In conclusion, my tweets for the first five weeks of this subject have been a mix of the good and not so good tweets. The positive thing is I have the rest of the semester to iterate and hone my craft of live-tweeting further!

I look forward to it,

-Lizzellbee 🙂

A self-Analysis of Analysis

As a sufferer of anxiety, this prospect provides the ultimate paradox. This should be something I can do well because I am self-critical of myself all the time, and yet the very reason this blog has been written as late as it has is because of the debilitating effects anxiety disorders produce…anyway…let’s get critical!

For this task I was assigned the DA pitches of Nick, Jasmyn and Josh. Looking at the comments overall- I feel I gave constructive feedback and provided them with relevant resources to enhance the ultimate direction of their DA’s. It was interesting to see how the elements of their different ideas helped put my own DA into a clearer perspective, despite the vast difference between all our ideas. I think this is the true beauty of feedback; you not only help others but your comments also help iteration for yourself!

A difficulty I encountered overall was the length of my comments and is certainly something I will aim to improve on for future tasks. I wondered if I had gone too in-depth with their feedback but hoped that they would find it to be of enough use that they didn’t mind the length.

This was also combined with the challenge of more than one pitch relating to the same lecture material. I wanted to share the same information with them, but thought that it may show I have a lack of understanding of the subject by only referring to limited source material.

Nick- The Future of Space Travel

Nick’s DA focuses on the future of space travel. He wants to gain an idea of people’s thoughts and feelings about the future of commercial space travel through posts to space related sub-reddits . Throughout my comments I opened with a thoughtful comment about their DA which I think gave it a more personalised approach before engaging with critical feedback. In regards to this particular comment, I am bitter-sweet in the time I took to write the feedback yet also glad I took the time to write it, and that I could link his proposal back to lecture content. I felt it was extremely relevant to broadening the development and iteration of his DA.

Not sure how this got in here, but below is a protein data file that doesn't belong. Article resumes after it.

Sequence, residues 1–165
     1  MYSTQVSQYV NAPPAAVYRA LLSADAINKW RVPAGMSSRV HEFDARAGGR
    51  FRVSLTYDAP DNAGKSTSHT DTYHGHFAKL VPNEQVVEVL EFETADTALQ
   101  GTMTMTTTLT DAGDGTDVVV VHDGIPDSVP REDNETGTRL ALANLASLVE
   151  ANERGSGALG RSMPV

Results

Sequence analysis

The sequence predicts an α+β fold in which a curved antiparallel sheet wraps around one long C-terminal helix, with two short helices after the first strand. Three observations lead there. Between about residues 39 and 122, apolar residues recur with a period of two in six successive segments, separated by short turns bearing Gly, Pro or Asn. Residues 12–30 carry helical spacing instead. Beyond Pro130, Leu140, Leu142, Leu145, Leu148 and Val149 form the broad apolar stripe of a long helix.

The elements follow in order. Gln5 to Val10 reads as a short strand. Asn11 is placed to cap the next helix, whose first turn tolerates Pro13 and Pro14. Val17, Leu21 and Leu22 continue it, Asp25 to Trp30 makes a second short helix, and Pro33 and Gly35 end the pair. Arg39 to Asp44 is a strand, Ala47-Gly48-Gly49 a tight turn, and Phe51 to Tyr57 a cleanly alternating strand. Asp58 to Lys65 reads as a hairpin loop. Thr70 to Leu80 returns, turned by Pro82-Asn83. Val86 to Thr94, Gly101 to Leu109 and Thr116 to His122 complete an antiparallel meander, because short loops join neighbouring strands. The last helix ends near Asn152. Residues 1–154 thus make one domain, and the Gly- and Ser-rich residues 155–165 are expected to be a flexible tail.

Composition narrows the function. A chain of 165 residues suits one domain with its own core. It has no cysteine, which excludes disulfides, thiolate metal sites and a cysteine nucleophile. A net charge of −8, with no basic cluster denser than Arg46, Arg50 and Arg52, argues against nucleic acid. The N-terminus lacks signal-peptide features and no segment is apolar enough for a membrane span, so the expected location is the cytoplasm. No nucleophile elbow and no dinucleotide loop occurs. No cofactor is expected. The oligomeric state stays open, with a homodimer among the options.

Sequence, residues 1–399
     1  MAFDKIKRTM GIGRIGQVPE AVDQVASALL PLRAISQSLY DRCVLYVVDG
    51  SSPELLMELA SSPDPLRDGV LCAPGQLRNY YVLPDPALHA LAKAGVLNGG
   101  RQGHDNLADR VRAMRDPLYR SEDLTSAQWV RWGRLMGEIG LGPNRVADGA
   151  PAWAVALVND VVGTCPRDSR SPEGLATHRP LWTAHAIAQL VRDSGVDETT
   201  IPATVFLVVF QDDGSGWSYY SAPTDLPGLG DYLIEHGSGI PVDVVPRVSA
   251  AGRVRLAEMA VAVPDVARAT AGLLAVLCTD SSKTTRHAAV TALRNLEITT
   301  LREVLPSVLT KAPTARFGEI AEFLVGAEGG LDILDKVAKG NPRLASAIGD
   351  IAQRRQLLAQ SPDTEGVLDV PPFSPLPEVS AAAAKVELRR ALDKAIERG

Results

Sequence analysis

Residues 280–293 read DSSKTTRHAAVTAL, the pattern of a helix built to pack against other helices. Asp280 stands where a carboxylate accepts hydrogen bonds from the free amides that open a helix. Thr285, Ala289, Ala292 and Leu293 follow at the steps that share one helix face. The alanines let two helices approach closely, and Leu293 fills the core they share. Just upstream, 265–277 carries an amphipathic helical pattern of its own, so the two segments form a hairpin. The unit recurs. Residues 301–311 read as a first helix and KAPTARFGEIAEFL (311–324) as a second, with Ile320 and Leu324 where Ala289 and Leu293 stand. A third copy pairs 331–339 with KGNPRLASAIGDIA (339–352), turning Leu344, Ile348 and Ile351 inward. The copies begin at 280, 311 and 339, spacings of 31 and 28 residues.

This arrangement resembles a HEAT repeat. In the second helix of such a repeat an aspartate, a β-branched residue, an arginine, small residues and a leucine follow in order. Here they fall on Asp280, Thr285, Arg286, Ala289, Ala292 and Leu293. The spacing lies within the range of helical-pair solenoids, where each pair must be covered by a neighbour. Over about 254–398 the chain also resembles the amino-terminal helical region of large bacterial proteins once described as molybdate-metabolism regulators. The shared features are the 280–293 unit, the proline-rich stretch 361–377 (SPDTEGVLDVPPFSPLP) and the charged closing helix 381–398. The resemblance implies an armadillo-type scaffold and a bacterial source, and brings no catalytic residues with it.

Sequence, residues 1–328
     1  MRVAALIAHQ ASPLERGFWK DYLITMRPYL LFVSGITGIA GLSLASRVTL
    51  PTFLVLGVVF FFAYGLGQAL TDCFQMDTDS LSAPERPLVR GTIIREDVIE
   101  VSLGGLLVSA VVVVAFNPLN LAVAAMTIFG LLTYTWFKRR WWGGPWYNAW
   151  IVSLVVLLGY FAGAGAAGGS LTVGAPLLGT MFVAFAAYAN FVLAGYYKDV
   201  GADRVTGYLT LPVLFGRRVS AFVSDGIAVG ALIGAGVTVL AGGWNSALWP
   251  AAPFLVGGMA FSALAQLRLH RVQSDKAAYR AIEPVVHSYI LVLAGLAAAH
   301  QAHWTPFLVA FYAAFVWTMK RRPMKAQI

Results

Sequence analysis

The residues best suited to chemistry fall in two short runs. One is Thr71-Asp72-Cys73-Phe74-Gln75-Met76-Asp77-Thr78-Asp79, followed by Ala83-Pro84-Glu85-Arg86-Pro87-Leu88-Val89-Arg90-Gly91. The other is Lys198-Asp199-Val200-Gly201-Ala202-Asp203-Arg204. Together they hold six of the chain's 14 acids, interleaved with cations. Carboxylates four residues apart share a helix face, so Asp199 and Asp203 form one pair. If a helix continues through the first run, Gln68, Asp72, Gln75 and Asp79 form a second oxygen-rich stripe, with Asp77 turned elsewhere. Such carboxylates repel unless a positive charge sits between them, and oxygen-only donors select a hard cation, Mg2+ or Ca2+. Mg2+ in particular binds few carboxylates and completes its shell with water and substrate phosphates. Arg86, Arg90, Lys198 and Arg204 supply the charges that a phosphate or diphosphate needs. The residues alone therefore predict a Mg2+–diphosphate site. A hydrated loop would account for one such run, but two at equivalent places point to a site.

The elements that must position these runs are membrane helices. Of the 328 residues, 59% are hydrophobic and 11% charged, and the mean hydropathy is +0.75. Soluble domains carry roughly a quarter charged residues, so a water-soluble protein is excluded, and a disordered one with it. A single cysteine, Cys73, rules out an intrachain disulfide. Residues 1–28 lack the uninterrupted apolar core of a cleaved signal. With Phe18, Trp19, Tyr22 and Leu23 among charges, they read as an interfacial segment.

Jasmyn- How to Make Your University Club Last Past Your Graduation

Jasmyn’s pitch focuses on creating longevity for the future of the DMS club. As I mentioned in the comment, I found it very hard to give constructive feedback to Jasmyn as she had every element of her pitch so well-thought out! The small advice I could give her was in relation to creating and cultivating diverse teams. However, with Jasmyn’s pitch I gained a clearer understanding about how the planning phase should look for my own DA!

As you can probably tell from the screenshot above, in the next review task I will ensure that I take a screenshot before posting the comment as it is hard to tell who has comment moderation on their blogs.I am annoyed with myself about this as this was something mentioned in the tutorials and lectures..ooops!

Josh- Mystery on the Moon

My final review for this task was Josh, who is planning on creating a short piece of mystery fiction set on the moon!

I felt my feedback for Josh was more authentic than my previous comments in that, as someone who works in professionally in the Creative Industries, I could actually speak competently about something I am passionate (and hopefully knowledgable on).

It could be a hyper-sensitive thought but I do feel that when I am passionate about something I can be more blunt than I intend. For future tasks I would like to be aware of this to mitigate any possibility that any feedback I provide is negatively interpreted!

-Lizzellbee 🙂

DA Pitch:The Future of A.I in the Creative Industry of Film

As mentiond in the above video, I would like to focus my Digital Artefact on the Future of A.I in the creative industry of film over the next 5-10 years.